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A different approach to the pandemic

The systems of containment are not working and will never work. A recent letter, “Making fear our livelihood” (Oct. 24, The Aspen Times), pointed out that Pitkin County has experienced two deaths during the entire pandemic. I personally know of more overdoses and suicides in the same time period. Go ahead, health departments, release the comparative statistics. One of the first comments to the letter quipped that the restrictions we are living with are to protect overwhelming our hospital.

My immediate thought was, how can I convince people that we need a different approach, one of focused protection? I can’t. Luckily I came across a piece in the Wall Street Journal, “Epidemiologists Stray From The Covid Herd” that documents the ideas behind the co-authors of The Great Barrington Declaration. The co-authors and co-signers are all medical and public health scientists and medical practitioners. The declaration states, “Current lockdown policies are producing devastating effects on short and long-term public health. The results (to name a few) include lower childhood vaccination rates, worsening cardiovascular disease outcomes, fewer cancer screenings and deteriorating mental health — leading to greater excess mortality in years to come, with the working class and younger members of society carrying the heaviest burden. Keeping students out of school is a grave injustice. Keeping these measures in place until a vaccine is available will cause irreparable damage, with the underprivileged disproportionately harmed.”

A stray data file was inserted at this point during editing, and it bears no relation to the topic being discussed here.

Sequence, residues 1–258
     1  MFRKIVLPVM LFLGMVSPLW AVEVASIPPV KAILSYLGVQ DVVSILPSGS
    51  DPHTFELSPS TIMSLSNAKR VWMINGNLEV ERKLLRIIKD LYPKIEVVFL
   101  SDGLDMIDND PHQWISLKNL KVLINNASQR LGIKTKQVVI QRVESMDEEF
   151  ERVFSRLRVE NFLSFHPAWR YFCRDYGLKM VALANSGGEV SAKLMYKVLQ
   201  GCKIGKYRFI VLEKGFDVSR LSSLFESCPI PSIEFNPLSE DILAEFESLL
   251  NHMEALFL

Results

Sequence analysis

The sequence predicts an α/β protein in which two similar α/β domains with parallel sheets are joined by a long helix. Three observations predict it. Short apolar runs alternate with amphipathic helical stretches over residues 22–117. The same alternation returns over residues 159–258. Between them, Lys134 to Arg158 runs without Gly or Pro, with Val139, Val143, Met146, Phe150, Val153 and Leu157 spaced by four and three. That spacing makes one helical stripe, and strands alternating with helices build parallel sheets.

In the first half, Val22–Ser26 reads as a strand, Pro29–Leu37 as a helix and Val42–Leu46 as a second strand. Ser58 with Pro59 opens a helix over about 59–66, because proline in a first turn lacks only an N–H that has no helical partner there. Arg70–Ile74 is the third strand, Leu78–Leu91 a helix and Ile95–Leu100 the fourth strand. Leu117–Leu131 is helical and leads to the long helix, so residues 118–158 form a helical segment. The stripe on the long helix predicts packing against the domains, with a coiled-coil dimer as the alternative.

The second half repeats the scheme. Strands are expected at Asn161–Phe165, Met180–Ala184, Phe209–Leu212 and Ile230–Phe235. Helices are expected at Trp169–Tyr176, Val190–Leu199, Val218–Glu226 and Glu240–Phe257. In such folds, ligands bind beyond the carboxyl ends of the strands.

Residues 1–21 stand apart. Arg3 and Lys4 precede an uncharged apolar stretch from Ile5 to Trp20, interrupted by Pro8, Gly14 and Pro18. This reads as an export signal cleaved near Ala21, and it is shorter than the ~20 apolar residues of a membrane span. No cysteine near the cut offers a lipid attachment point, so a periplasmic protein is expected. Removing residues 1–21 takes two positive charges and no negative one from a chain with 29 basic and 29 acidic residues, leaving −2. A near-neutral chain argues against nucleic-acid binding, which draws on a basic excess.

Before jumping to paranoid reactions, read The Great Barrington Declaration for yourself. Sign the petition if you agree. Pitkin County — it’s time to break from the impractical fear-based mold. No more threats of increased restrictions. Let’s focus protection and work with nature, human behavior, and cease this idiotic attempt to swim up a fast moving river.



Andrew Wickes

Aspen